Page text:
Resource name: /E-Library/Disciples/Kireet Joshi/English/Synthesis of Yoga in the Upanishads/Notes and References.htm
Notes and References 1 Vide., Grant Alien, Evolution of the Idea of God, New York 1897; Breasted, Jas H., Ancient Times, Boston, 1916; Jean Capart, Thebes, London, 1926; Miles Dawson, Ethics of Confucious, New York1915; G. Maspero, The Dawn of Civilization: Egypt and Chaldea,London, 1897; S. Reinach, Orpheus: A History of Religions, New York,1909 and 1930; Lynn Thorndike, Short History of Civilization, New York, 1926. 2 Homer, Iliad, translation by W. C. Bryant, Boston, I898' Homer, Odyssey, text and translation by A. T. Murray, Loeb Library. 3 Murray, G., Five stages of Greek Religion, Oxford, I930. 4 Harrison, G. E., Prolegomena to the Study of Gr
Resource name: /E-Library/Disciples/Kireet Joshi/English/Synthesis of Yoga in the Upanishads/Introduction.htm
Introduction The yoga that we see in the Vedas and the principal Upanishads belongs to pre-historic times, and it is only because we have available to us the relevant texts connected with the yoga of these times that we are in a position to ascertain the knowledge related to this yoga and its . development. It cannot be supposed, however, that yoga developed only in the Vedas and the Upanishads. There was, indeed, yoga and yogic knowledge in ancient Egypt,¹ ancient Greece, ancient Chaldea, ancient China and ancient Persia as also elsewhere as in ancient Mayan civilization. In ancient Greece, there was a religion of which we have glimpses through the Homeric poems² where the Olymp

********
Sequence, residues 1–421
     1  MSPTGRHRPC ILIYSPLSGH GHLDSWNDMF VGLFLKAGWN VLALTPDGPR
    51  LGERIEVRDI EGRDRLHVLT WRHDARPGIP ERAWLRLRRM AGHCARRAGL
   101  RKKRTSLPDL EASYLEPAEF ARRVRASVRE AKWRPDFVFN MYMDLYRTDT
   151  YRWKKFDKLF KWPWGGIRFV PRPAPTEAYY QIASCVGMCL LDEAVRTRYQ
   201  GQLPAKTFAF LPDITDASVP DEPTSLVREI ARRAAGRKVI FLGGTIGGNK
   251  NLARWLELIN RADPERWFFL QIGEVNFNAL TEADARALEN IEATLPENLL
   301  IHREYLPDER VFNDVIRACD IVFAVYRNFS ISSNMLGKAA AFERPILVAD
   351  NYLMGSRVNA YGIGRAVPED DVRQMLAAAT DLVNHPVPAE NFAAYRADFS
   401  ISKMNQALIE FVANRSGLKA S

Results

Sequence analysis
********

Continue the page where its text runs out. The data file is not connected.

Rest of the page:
Resource name: /E-Library/Disciples/Kireet Joshi/English/Synthesis of Yoga in the Upanishads/Part One.htm
PART ONE Vedas and Upanishads If the Veda gave us the first types and figures of man, Nature and God and of the powers of the universe as seen and formed by an imaged spiritual intuition and psychological and yogic experience, the Upanishads broke through the Vedic forms, symbols and images, without entirely 'abandoning them and revealed in unique kind of poetry the ultimate and unsurpassable truths of self and God and man and the world and its principles and powers in their most essential, their profoundest and most intimate and their most ample reality. Between the Vedas and the Upanishads was a period 6 of development of Brahamanas and Aranyakas, which have value for the c